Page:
Categories: Giveaways

Don’t expect any ‘freebies’ from the housing market in the Autumn Budget – Bamford

Rabbits without hats. Carrots to accompany the sticks. Sugar to coat the pill.

I get the impression that the new Prime Minister and his Chancellor, plus the entire HR cadre of HM Treasury and Number 10, will have spent quite a bit of time recently looking for examples of the above to make their intended economic statement. on November 17 a little nicer.

Judging by the ‘roll of the pitch’ that the government is currently carrying out, we can all brace ourselves for some incredibly severe tax and spending measures that, as some have already said, may sound like ‘Austerity 2.0’ ”.

Delivering the news of both tax rises and spending cuts is unlikely to make Jeremy Hunt flavor of the month, or indeed of the year, so it would be very surprising if there wasn’t there was some attempt at positivity maybe towards the end. of his statement as he tries to end with “good news”.

Help for first time buyers?

So what can this mean? And will these “gifts” be focused on the housing market, particularly for a demographic that has been front and center for governments of many persuasions in recent times: the first-time buyer?

Politically, of course, offering more support to first-time buyers seems like a win-win situation. Especially given that Help to Buy has now effectively ended and the government’s mortgage guarantee scheme is due later this year.

The increases in the stamp duty threshold are virtually the only measure left from Kwasi Kwarteng’s ill-fated “mini budget”, and only because they were introduced immediately. Given how important the housing market is to the UK’s overall economy, Hunt may feel he has little to lose by looking at support for the former, and perhaps a little more help to boost the ‘offer and ensure that the number of purchase transactions does not fall further.

So what might this mean in practice? Many have suggested suspending the implementation of Help to Buy.

After all, it’s only for first-time buyers and has been a much more focused scheme, with regional price caps, in recent years. However, the end of Help to Buy has been much heralded.

As mentioned, it’s effectively closed now anyway because registrations for new homes were due by the last day of October.

To me, it is a non-starter to bring this scheme back, and there are other programs, perhaps most prominently, Deposit Unlock, which are already in place, without the need for taxpayers’ money, and are in a strong position to do exactly that same work

The best the government (and UK finance) could do here would be to give their verbal support to Deposit Unlock and other smaller schemes, and ‘encourage’ all those lenders who were part of Help to Buy to switch no problems there.

Release of the taxpayer’s burden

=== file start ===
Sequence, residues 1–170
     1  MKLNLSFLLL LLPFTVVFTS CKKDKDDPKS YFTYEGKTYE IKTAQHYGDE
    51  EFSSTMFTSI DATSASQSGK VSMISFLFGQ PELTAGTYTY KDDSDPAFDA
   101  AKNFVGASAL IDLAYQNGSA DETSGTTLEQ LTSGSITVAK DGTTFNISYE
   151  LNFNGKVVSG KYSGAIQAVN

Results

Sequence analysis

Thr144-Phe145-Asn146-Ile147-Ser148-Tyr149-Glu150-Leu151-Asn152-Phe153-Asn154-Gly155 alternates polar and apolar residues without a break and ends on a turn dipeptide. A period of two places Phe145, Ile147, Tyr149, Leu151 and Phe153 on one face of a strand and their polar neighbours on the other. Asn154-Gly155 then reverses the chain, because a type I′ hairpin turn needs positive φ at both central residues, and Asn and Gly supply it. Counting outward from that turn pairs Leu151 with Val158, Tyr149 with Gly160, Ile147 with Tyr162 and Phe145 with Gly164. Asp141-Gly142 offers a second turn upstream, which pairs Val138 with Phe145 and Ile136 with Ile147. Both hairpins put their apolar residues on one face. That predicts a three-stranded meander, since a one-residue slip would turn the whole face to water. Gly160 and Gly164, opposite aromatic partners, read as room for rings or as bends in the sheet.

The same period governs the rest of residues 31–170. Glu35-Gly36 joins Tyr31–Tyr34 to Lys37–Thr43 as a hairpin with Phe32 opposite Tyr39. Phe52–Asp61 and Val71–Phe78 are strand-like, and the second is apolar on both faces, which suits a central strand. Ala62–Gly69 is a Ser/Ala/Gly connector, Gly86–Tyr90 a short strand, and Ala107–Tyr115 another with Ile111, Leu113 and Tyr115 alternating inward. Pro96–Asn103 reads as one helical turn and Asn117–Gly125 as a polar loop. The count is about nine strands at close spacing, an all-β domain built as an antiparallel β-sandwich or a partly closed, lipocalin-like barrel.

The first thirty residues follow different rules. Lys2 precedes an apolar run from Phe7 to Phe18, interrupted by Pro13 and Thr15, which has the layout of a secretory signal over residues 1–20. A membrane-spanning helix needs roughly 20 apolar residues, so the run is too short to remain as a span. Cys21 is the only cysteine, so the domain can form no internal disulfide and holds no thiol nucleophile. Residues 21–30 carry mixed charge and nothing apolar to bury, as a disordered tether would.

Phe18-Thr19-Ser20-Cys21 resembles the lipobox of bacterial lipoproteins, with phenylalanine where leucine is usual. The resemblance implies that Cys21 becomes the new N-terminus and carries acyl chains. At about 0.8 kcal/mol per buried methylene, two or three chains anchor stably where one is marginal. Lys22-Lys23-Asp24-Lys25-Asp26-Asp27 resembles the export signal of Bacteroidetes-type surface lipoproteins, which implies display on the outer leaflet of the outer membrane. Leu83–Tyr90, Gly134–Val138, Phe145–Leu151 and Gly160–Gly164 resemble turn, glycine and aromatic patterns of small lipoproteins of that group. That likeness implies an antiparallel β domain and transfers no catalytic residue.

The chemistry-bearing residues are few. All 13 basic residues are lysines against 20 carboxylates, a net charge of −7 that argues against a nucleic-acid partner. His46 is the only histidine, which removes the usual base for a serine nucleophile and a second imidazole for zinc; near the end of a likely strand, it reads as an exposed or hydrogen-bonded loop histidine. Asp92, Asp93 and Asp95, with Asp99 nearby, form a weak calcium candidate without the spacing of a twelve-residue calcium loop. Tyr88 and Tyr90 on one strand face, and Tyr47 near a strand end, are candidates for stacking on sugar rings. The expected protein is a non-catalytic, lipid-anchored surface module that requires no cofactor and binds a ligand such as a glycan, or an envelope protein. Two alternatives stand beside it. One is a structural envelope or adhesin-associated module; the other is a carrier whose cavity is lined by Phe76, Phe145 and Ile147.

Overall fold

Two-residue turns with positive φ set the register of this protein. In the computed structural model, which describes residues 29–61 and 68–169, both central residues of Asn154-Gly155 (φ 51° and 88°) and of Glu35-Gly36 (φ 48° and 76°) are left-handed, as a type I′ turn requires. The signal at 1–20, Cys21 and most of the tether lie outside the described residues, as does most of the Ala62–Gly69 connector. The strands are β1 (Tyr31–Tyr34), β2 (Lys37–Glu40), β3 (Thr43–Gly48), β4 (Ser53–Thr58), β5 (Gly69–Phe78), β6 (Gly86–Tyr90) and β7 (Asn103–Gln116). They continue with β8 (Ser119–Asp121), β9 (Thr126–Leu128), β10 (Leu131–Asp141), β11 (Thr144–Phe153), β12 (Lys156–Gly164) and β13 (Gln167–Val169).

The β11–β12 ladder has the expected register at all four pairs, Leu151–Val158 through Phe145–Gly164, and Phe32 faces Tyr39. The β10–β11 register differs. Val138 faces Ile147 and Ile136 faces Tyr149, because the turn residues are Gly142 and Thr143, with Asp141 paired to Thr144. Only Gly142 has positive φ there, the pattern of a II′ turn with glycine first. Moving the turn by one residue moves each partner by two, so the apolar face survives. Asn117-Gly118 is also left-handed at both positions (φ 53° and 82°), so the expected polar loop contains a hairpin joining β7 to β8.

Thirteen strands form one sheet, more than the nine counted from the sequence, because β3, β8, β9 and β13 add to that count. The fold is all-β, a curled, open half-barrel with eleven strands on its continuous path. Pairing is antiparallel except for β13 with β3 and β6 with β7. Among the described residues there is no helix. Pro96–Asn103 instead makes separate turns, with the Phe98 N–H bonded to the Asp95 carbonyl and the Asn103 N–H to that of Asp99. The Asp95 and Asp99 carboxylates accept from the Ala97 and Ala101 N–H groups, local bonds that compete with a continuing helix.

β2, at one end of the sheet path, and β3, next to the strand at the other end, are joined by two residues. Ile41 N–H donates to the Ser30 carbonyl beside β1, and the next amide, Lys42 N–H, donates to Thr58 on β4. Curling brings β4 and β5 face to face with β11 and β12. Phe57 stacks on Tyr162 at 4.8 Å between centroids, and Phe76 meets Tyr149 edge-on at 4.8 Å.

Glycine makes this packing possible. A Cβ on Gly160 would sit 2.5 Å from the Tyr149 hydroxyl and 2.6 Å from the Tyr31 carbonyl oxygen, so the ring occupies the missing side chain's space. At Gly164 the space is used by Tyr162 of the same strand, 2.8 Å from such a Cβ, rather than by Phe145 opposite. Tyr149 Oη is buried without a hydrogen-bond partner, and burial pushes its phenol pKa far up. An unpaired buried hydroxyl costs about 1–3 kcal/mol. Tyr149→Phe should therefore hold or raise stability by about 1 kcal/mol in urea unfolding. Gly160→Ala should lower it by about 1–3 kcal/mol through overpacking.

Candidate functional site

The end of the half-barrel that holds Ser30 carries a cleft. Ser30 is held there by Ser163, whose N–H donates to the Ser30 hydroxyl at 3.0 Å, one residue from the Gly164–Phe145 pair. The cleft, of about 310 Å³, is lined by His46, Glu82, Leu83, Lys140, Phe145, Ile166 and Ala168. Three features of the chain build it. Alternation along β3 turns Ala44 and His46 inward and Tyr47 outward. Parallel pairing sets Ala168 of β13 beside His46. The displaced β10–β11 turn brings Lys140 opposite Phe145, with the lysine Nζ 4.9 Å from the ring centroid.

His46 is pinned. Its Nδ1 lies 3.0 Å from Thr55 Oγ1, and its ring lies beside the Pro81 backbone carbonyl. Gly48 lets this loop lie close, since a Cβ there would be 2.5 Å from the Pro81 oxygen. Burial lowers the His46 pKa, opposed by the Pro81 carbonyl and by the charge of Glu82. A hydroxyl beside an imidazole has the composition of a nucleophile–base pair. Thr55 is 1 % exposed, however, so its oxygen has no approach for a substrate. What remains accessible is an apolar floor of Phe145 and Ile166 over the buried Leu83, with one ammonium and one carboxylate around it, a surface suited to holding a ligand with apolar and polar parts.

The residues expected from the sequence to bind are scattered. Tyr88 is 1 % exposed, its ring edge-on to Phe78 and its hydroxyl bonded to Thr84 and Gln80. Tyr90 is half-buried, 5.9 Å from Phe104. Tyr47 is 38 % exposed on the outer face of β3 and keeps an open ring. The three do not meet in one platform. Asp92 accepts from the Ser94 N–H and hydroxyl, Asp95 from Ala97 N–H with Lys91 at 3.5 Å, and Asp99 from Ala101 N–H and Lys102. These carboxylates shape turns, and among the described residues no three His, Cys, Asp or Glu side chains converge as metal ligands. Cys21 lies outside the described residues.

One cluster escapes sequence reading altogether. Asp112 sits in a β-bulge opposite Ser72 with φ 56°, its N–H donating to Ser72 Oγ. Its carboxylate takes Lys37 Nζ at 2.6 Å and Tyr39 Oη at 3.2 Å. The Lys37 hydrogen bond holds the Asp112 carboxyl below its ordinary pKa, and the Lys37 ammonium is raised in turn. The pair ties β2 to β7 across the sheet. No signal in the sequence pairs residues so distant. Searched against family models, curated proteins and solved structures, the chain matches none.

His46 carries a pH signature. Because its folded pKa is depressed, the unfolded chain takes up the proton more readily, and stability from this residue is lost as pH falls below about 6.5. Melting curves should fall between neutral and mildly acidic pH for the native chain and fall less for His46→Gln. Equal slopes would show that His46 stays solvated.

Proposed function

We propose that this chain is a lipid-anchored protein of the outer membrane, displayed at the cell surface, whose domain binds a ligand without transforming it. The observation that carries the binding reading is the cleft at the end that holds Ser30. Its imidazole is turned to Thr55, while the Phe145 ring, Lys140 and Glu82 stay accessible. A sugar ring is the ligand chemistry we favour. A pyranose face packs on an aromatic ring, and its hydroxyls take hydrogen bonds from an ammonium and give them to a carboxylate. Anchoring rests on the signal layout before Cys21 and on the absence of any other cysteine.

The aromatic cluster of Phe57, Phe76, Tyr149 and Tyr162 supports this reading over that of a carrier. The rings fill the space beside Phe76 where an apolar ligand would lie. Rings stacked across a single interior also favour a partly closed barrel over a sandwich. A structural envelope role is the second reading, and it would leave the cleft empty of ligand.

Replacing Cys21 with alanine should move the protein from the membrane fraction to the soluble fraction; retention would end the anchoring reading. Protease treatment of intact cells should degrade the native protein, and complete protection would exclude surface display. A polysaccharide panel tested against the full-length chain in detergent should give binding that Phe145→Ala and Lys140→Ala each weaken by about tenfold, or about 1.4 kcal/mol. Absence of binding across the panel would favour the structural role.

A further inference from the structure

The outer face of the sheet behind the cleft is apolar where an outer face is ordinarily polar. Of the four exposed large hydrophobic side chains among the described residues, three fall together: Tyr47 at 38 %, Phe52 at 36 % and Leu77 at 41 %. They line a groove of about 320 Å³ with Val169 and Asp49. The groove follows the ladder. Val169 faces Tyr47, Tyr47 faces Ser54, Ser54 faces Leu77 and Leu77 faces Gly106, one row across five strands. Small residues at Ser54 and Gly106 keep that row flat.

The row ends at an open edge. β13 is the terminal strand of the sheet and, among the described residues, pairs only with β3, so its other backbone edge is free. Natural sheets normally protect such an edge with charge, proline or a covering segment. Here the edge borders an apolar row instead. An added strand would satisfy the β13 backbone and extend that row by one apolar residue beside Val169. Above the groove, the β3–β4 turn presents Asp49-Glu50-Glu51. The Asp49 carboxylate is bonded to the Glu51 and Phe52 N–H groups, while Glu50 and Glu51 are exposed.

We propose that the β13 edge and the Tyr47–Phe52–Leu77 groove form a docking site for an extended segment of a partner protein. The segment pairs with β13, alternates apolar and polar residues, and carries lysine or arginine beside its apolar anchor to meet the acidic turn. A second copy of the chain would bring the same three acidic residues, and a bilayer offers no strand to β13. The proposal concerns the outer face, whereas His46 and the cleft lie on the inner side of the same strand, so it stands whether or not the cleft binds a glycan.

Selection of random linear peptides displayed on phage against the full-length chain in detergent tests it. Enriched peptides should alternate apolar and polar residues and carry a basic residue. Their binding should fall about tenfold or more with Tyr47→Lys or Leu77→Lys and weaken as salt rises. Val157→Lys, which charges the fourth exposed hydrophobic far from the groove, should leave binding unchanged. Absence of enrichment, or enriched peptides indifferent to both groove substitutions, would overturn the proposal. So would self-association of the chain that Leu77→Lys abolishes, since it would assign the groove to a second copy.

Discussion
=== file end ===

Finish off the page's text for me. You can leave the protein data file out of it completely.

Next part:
However, Hunt may think that an extension of the Mortgage Guarantee Scheme is not beyond the realm of possibility, and is unlikely to cost the Exchequer much anyway.

Again, I would prefer to see this scheme come to its natural end, especially as we have seen an improvement in recent weeks as markets calmed down and lenders could see a much clearer future for them to offer great value mortgages ( LTV).

If this can continue, Hunt may believe that there is no need to spend more taxpayers’ money on this scheme, because there are private mortgage alternatives available from people like us that are more flexible and competitive.

Although I completely understand why lenders like the convenience of having the Mortgage Guarantee Plan, even if the vast majority don’t use it.

Bonus increase for lifetime ISAs?

To that end, we may not see any extensions to these schemes, so what could happen?

Well, a relatively inexpensive way to show some level of support for first-time buyers is to be more generous with savings incentives. With the Help to Buy ISA also closed, Hunt may feel able to increase the government bonus for those who save in a lifetime ISA, which is likely to be a relatively modest government gift.

In this way, the government could say that they are increasing their support for first-time buyers. And if it’s accompanied by a much bigger push to build more affordable housing, then he might think his job is done.

Whatever happens, it’s unlikely to be groundbreaking in terms of its impact on the first-time buyer. We could say that at least something is better than nothing on November 17th, but I suspect the headlines are already being written and they won’t be pretty.

Patrick Bamford, head of international business development at Qualis Credit Risk, part of AmTrust International

Published by

Recent Posts

More on the Interest-Income Channel

Last weekend, I wrote about Warren Mosler's argument that the Fed's rate hikes could be…

4 weeks ago

More information in the Interests Channel

Last weekend, I he wrote on Warren Mosler's argument that the Fed's rate hikes could…

4 weeks ago

Biden wants to reduce the deficit. Powell wants to reduce inflation. Do rate hikes undermine both goals?

Last week, the chairman of the Fed, Jerome Powell said, "the disinflationary process has begun".…

1 month ago

Quick thoughts on the CBO budget and economic outlook

Earlier this week, I joined Romaine Bostick and Scarlet Fu Bloomberg TV. The Congressional Budget…

1 month ago

Eight states have joined forces to raise taxes on America’s wealthiest

Tomorrow morning, I'll be joining CNBC's Squawk Box to talk about a new effort tax…

1 month ago

Mike Pence would pick up where Paul Ryan left off

Former Vice President Mike Pence talks about privatizing Social Security. The remarks came Thursday before…

2 months ago